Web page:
Saturday, October 5, 2019
Brighton A Royal Bathroom and Bath House by Rosemary Morris
To find out more about Rosemary's work please click on the cover above.
History inspires, fascinates and triggers my imagination, so it is a pleasure to share a fraction of my research for my new novel Saturday’s Child, Heroines Born on Different Days of the Week, Book Seven.
During the summer months, when London was usually hot and malodourous many people considered it detrimental to their health. After Parliament rose in June, they retired either to their estates in the country or a seaside resort. A popular choice was Brighton, only fifty miles from London. There the Prince of Wales, subsequently the Prince Regent, entertained on a grand scale at his Pavilion, which resembled an oriental palace. Members of the bon ton followed the pleasure-loving prince to Brighton where he enjoyed gambling, riding on the downs, shooting, the theatre and other pastimes. Another attraction was the belief that bathing in sea water and drinking brine could cure anything from – for example – corns to serious diseases.
I assume the Prince Regent, who succeeded as George 1V in 1820, believed sea water was beneficial. His bathroom at the Royal Pavilion was supplied with fresh and sea water, contained a vapour bath, a warm bath, a shower bath, a douche bath and a large plunge pool. Sea water was pumped into a tank in the garden and heated by a boiler for the king to have therapeutic baths.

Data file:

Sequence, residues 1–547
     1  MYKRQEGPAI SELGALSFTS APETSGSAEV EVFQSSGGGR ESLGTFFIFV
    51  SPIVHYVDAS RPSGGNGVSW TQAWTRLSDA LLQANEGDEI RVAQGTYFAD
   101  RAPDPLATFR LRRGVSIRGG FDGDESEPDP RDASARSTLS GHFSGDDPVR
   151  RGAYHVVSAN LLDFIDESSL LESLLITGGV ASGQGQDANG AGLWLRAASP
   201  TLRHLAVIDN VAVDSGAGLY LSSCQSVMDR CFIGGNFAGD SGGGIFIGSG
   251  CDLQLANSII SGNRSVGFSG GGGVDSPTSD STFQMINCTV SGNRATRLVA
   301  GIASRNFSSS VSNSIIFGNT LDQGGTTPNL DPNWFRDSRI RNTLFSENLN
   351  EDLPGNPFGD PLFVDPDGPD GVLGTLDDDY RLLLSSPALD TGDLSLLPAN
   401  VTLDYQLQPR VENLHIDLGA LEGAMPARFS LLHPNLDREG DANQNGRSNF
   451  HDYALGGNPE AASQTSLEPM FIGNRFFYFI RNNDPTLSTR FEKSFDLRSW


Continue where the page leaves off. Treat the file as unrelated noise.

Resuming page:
Few could afford a bathroom as luxurious as the king’s, but bath houses existed either for people too elderly, infirm or shy to bathe in the sea or when there were storms. The first bath house commissioned in Brighton by Dr John Awister was built at the south end of the Steyne. In 1803 the rectangular building with a Neo-Classical façade contained two cold baths, four hot baths and a shower bath which were supplied with sea water.
In 1823 Gilburd’s Baths attached to The New Steyne Hotel is listed by William Scott. At every high tide sea water was pumped by a steam engine through a chalk tunnel. Clients could have hot or cold plunging baths, vapour baths etc. Scott also listed the luxurious oriental Mohamed’s Baths.
Undoubtedly, the patrons at many seaside resorts enjoyed the facilities but, unfortunately, the water was not purified so they were at risk of infection; and it is not known how effective bathing in the sea, in baths and drinking salt-water was.
Classical Historical Fiction by Rosemary Morris
Early 18th Century novels: Tangled Love, Far Beyond Rubies, The Captain and The Countess
Regency Novels False Pretences.
Heroines Born on Different Days of the Week Books One to Six, Sunday’s Child, Monday’s Child, Tuesday’s Child, Wednesday’s Child, Thursday’s Child and Friday’s Child.
(The novels in the series are not dependent on each other, although events in previous novels are referred to and characters reappear.)
Mediaeval Novel Yvonne Lady of Cassio. The Lovages of Cassio Book One